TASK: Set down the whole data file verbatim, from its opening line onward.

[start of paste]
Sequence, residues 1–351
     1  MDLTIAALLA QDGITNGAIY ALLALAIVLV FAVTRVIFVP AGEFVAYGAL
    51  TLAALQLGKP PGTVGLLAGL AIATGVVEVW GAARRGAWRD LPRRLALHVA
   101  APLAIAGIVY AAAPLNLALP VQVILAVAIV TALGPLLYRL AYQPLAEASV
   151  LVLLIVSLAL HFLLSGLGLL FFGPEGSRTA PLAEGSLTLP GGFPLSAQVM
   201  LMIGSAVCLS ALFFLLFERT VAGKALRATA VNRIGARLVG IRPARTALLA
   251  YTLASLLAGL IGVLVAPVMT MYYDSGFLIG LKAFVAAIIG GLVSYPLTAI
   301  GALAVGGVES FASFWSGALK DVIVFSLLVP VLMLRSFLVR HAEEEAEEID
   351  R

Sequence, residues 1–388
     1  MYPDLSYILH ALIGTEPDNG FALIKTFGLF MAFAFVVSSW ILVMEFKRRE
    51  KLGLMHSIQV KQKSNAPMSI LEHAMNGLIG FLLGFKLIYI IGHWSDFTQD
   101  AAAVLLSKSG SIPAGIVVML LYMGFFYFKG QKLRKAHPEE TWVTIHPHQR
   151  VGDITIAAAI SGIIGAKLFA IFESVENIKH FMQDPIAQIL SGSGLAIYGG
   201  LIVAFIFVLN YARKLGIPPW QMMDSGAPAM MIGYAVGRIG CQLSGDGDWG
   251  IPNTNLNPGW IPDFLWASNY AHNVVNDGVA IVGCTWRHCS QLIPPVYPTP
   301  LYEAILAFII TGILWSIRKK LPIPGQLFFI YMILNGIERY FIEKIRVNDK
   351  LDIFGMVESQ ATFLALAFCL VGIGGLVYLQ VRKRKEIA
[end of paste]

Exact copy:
Sequence, residues 1–351
     1  MDLTIAALLA QDGITNGAIY ALLALAIVLV FAVTRVIFVP AGEFVAYGAL
    51  TLAALQLGKP PGTVGLLAGL AIATGVVEVW GAARRGAWRD LPRRLALHVA
   101  APLAIAGIVY AAAPLNLALP VQVILAVAIV TALGPLLYRL AYQPLAEASV
   151  LVLLIVSLAL HFLLSGLGLL FFGPEGSRTA PLAEGSLTLP GGFPLSAQVM
   201  LMIGSAVCLS ALFFLLFERT VAGKALRATA VNRIGARLVG IRPARTALLA
   251  YTLASLLAGL IGVLVAPVMT MYYDSGFLIG LKAFVAAIIG GLVSYPLTAI
   301  GALAVGGVES FASFWSGALK DVIVFSLLVP VLMLRSFLVR HAEEEAEEID
   351  R

Sequence, residues 1–388
     1  MYPDLSYILH ALIGTEPDNG FALIKTFGLF MAFAFVVSSW ILVMEFKRRE
    51  KLGLMHSIQV KQKSNAPMSI LEHAMNGLIG FLLGFKLIYI IGHWSDFTQD
   101  AAAVLLSKSG SIPAGIVVML LYMGFFYFKG QKLRKAHPEE TWVTIHPHQR
   151  VGDITIAAAI SGIIGAKLFA IFESVENIKH FMQDPIAQIL SGSGLAIYGG
   201  LIVAFIFVLN YARKLGIPPW QMMDSGAPAM MIGYAVGRIG CQLSGDGDWG
   251  IPNTNLNPGW IPDFLWASNY AHNVVNDGVA IVGCTWRHCS QLIPPVYPTP
   301  LYEAILAFII TGILWSIRKK LPIPGQLFFI YMILNGIERY FIEKIRVNDK
   351  LDIFGMVESQ ATFLALAFCL VGIGGLVYLQ VRKRKEIA